The oligarch’s riches turned Chelsea into a major force in the game, and his ownership seemed to pave the way for subsequent takeovers by overseas billionaires, at clubs like Manchester City for instance.
But there was significant controversy too.
With Abramovich – one of Russia’s richest people – almost never commenting in public, he also came to symbolise the detachment of some super-wealthy club owners. Many also found the ruthlessness with which he treated managers questionable.
There was always intrigue surrounding the motives for his ownership, and how he made his fortune. While he has always denied direct links with Putin, the invasion of Ukraine led to calls in parliament for the government to sanction wealthy Russians.
Abramovich vehemently denies that he had done anything to merit sanctions being imposed against him. But as the highest-profile oligarch in the country, and with one MP citing concerns about alleged links to corruption, his ownership was coming under mounting scrutiny.
And with the government facing mounting pressure to seize his assets, and Abramovich criticised over his failure to explicitly condemn Russia’s invasion, it is little surprise that he has swiftly announced his decision to sell.
In recent years Abramovich has been an increasingly infrequent visitor to Stamford Bridge, withdrawing his application for a visa in 2018 after relations between the UK and Russia worsened.
But while fans had got used to not seeing Abramovich, the Russian’s departure could mean the club is run very differently in future – and perhaps with much more financial constraint – by whoever now buys it.
That may help explain why some at Chelsea will no doubt be sorry to see him go. Many other observers, however, will be pleased, especially given the continuing conflict in Ukraine.
He departs as one of the most significant, controversial and influential figures in the history of English football.
Football finance expert Kieran Maguire
Trying to value a club is always challenging. I calculated valuations for all Premier League clubs in 2020 which valued Chelsea at about £1.2bn.
Chelsea have also lost more money than any club in the history of the Premier League, so it would be difficult from a financial perspective to justify the reported £2bn price tag, especially given its stadium is much smaller than rivals from the ‘Big Six’.
However, If there is a willing buyer and a willing seller, then a deal is normally straightforward once due diligence from both parties has taken place.
If assets are frozen or sanctioned then it comes down to the nature of the sanctions, which may or may not prevent an individual or company taking money and/or assets out of the UK.
Chelsea’s £1.5bn debt is owed by Abramovich’s company Fordstam to another of his companies, Camberley International Investments, based in the British Virgin Isles, so to an extent Abramovich is both the borrower and the lender. However, he now says he will “not be asking for any loans to be repaid”.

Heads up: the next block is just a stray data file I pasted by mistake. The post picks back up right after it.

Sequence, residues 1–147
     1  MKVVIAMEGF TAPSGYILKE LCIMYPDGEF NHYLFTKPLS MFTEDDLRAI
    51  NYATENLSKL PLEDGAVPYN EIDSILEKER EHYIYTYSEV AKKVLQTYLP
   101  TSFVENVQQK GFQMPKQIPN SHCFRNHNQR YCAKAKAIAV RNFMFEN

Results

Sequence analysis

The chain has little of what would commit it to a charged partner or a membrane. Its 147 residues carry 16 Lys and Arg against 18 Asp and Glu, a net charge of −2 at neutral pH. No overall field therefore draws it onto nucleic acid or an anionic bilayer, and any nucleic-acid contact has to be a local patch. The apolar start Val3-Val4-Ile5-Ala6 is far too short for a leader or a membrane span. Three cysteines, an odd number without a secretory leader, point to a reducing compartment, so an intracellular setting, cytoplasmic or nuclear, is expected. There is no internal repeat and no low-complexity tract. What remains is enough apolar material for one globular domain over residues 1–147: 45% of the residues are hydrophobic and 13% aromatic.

So from a financial point of view, football clubs are not always great investments. But for those looking to buy a club as a trophy asset, where the rewards, such as winning leagues and cups and the kudos and fame that it brings, then they may feel that a club is a worthy investment.
Turbulent week for Chelsea
24 February: Russian President Vladimir Putin launches a military invasion of Ukraine.
25 February: Labour’s Chris Bryant tells MPs the UK government should remove Roman Abramovich’s ownership of Chelsea and seize his assets, citing concerns about alleged links to corruption.
26 February: Abramovich announces he is handing “stewardship and care” of Chelsea to its charitable foundation.
27 February: Foundation members express concern over whether Charity Commission rules would allow them to run the club. Chelsea beaten 11-10 on penalties by Liverpool in League Cup final at Wembley after game ended 0-0.
28 February: Abramovich asked by Ukraine to help support their attempts to reach a “peaceful resolution” with Russia.
1 March: The Charity Commission says it is “seeking information” from Chelsea after the club was placed under the control of its charitable foundation.
2 March: Swiss billionaire Hansjorg Wyss claims he has been offered the chance to buy Chelsea from Abramovich.
2 March: Abramovich announces he intends to sell the club.
‘It can take months or years’
Former Newcastle and England striker Alan Shearer on BBC One: “It’s a huge moment for Chelsea. He has brought massive success over his 20 years but it is not simple, selling a football club. It can take months or years.
“But more importantly, there is still no condemnation from Roman or the club about what is happening in Ukraine.”
Former Manchester City and England defender Micah Richards on BBC One: “It is a better statement than Saturday, there is a lot more clarity and Roman Abramovich has done the right thing.
“It is so sad we have to talk about this on a football night after all the scenes we have seen. It is heartbreaking. The sooner it happens the better.”